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Mark Morris and Isaac Mizrahi serve up a highly Baroque take on Rameau’s froggy satire Platée; Emily Dickinson at the Philharmonic.

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Jean-Paul Fouchécourt as Platée and June Omura as Owl.  

Contemporary reimaginings of Baroque opera don’t get much wilder than the current City Opera revival of Rameau’s Platée. But then, the subject matter of this delicious satire was pretty far out when it was first put on at Versailles in 1745 to mark the wedding festivities of the Dauphin and Maria Theresa, a Spanish princess whispered to be the ugliest woman in Europe. No wonder that audience had a good giggle over the lady called Platée, an ill-favored but supremely self-confident marsh nymph so convinced of her feminine charms that she sets out to land Jupiter himself. To make the joke even more pointed, Rameau wrote the role for a tenor in drag, characterizing the vain, chattering, physically and socially challenged nymph with leaping, irregular vocal lines that vividly mirror her fatuous attitudes and sudden mood shifts.

As directed and choreographed by Mark Morris and costumed by Isaac Mizrahi, the City Opera production takes this droll characterization a step further by presenting Platée as a human-size frog, a grotesque vision in green with enormous flippers for hands and feet. Set designer Adrianne Lobel’s misty, terrarium-like swamp is a delightful froggy fantasy populated by an assortment of bizarre forest beasts, whose revels are disrupted by visiting gods and goddesses from Mount Olympus as everyone gangs up to humiliate the unfortunate Platée. With Morris’s dance group and the singers seamlessly intermixed, the sight gags arrive nonstop: a dancing vaudeville donkey, Mercury as a dandy descending in a basket, a comic-opera Jupiter straight out of Offenbach, an officious lizard-in-waiting, a zany Momus with an arrow through his head.

“Fouchécourt is a deliciously vocalized, hilariously acted, and at times oddly touching Platée.”

The invention may get a bit frantic at times, but what is French Baroque opera other than just such a lively blend of music, dance, spectacle, and verbal interplay? Setting the prologue in a modern New York bar rather than the specified Greek vineyard seems rather much, but on the whole Morris and his colleagues never allow the ingredients to fly out of control, and the music—every bit as instrumentally pungent, rhythmically infectious, and melodically rich as in Rameau’s tragic masterpieces—is handsomely served under conductor Daniel Beckwith’s alert direction. Best of all, tenor Jean-Paul Fouchécourt is back to re-create his deliciously vocalized, hilariously acted, and at times oddly touching Platée. Whether fastidiously arranging his toilette, delicately hopping over his paddling pool, or seductively waddling up to Jupiter and shivering at the god’s touch, Fouchécourt is a frog from opera heaven.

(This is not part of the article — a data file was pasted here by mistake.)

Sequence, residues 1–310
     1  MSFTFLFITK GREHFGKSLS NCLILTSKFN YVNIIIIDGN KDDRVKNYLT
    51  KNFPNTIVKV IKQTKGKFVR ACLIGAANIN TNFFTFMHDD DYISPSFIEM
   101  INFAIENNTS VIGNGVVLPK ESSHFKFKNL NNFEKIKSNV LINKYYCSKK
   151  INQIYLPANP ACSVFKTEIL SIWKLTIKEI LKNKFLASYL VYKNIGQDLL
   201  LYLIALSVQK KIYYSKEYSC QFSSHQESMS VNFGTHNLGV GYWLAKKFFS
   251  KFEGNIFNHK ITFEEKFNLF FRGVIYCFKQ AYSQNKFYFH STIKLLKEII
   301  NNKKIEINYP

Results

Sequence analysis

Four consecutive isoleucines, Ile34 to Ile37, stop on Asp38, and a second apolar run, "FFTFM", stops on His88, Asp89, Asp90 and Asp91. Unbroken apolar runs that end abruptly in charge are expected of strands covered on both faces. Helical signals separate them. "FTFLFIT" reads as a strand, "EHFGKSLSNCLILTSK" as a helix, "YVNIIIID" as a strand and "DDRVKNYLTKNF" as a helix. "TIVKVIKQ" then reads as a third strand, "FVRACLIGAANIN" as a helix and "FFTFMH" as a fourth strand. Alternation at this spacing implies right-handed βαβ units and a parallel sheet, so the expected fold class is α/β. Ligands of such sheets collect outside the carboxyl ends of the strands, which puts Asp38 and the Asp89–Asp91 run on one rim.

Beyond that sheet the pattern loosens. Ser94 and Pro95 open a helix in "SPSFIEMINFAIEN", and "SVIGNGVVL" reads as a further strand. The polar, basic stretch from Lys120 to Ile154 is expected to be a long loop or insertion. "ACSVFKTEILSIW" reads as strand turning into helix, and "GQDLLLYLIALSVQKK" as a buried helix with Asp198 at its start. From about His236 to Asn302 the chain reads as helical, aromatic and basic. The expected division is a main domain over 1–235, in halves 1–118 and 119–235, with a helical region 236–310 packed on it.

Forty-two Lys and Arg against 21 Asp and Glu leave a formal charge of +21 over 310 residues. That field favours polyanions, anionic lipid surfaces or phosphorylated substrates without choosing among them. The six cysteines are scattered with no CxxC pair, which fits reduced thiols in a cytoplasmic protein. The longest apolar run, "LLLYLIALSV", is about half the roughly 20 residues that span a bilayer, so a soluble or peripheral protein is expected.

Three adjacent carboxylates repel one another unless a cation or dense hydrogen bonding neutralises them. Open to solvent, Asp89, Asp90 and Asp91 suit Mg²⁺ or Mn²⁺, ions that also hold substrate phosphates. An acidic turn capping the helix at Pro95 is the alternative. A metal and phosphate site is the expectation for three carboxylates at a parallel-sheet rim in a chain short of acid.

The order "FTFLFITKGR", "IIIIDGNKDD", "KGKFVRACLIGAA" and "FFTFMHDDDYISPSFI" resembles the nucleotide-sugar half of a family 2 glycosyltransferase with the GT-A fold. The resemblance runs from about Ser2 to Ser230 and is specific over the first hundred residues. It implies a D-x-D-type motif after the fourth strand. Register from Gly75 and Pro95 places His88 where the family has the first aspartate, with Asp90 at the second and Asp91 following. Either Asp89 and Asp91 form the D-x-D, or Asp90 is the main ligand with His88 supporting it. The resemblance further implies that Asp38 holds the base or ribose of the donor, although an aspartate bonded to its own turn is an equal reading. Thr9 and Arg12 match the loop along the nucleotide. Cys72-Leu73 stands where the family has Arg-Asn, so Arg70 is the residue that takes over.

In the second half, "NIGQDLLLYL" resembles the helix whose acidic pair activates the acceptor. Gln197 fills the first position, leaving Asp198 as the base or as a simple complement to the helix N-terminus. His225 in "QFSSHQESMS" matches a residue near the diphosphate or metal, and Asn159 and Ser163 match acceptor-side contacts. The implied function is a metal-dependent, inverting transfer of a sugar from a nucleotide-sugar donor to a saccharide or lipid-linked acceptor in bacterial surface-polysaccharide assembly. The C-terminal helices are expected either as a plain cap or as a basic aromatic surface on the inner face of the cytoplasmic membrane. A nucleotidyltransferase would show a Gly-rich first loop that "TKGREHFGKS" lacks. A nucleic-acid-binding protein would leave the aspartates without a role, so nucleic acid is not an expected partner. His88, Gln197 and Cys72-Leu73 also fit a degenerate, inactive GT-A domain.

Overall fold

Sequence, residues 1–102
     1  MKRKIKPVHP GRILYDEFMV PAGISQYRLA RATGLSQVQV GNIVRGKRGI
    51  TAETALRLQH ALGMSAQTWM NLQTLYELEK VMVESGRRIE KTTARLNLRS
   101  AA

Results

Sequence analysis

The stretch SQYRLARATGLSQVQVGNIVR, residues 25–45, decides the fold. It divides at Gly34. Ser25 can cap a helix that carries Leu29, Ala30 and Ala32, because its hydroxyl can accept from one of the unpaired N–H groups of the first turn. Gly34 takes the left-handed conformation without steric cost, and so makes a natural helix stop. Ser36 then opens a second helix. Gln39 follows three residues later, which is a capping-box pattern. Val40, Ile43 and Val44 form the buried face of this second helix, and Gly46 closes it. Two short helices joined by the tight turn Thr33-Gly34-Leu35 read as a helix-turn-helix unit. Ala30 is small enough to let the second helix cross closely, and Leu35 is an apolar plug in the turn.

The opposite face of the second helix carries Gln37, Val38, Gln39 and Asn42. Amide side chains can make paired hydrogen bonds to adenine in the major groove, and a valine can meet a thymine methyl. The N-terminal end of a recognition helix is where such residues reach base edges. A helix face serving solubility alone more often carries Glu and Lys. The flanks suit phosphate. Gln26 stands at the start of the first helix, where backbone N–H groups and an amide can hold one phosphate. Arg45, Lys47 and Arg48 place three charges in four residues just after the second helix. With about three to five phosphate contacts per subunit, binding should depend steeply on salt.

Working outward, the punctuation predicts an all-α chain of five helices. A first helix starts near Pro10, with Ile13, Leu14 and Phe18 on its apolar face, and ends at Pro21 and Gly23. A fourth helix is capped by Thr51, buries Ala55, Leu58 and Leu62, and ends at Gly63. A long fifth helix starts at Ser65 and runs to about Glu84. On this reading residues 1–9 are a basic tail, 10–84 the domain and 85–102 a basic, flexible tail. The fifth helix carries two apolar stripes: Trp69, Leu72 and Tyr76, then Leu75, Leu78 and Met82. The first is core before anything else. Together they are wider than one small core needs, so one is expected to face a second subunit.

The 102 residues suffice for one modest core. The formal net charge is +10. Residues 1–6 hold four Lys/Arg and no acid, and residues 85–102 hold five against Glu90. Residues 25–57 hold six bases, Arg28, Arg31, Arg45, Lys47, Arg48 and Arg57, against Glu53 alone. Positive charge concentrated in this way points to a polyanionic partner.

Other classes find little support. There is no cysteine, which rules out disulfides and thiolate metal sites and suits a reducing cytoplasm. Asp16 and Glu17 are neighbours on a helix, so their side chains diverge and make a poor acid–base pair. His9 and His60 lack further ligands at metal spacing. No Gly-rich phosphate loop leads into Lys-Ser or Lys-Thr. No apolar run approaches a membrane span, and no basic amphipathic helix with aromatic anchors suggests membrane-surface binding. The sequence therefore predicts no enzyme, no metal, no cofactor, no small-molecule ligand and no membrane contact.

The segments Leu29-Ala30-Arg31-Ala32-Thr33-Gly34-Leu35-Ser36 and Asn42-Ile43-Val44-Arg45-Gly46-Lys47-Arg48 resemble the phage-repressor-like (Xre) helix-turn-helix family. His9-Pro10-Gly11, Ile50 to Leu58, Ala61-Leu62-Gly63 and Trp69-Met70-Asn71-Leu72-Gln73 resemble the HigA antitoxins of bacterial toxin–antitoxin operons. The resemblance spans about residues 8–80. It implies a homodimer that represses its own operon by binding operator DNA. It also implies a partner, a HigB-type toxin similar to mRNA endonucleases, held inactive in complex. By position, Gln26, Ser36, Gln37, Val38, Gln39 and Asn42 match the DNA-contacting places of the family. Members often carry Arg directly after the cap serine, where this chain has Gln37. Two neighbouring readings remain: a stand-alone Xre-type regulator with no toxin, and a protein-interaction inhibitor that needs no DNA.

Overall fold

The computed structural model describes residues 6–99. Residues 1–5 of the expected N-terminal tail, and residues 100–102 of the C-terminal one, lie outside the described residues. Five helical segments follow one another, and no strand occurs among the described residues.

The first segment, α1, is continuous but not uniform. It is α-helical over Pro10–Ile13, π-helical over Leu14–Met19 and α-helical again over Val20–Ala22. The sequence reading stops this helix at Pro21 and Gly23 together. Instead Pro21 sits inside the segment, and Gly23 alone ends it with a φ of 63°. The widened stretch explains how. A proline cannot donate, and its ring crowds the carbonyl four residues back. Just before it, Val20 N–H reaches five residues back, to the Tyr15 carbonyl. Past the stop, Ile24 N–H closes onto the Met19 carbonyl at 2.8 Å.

The New York Philharmonic’s first important concert of the season, with Lorin Maazel conducting, featured the world premiere of Augusta Read Thomas’s Gathering Paradise—six Emily Dickinson settings for soprano (Heidi Grant Murphy) and orchestra that capture the restless fever of this poet’s style in a way that few composers ever have. The 30-minute piece deals mainly in light images, suggesting a day-to-night journey in freshly minted orchestral colors and lyrical vocal lines that make the trip compulsively listenable. To my ears, the score strongly recalls the spicy neo-impressionistic music of Thomas’s husband, Bernard Rands, whose compendiums for voice and orchestra are cast in a similar style. Clearly this is a family that thinks alike.

For those who found Thomas’s challenging new piece too prickly, there was Lang Lang to clear the air with a virtuoso dash through Tchaikovsky’s First Piano Concerto. A brash prodigy no more, at the age of 22 Lang Lang has traded his signature teenage razor-buzz for a more conservative adult haircut, and his approach to the keyboard has calmed down considerably as well. He may have little new to say about Tchaikovsky’s popular warhorse, but at least he now lets the music speak for itself.


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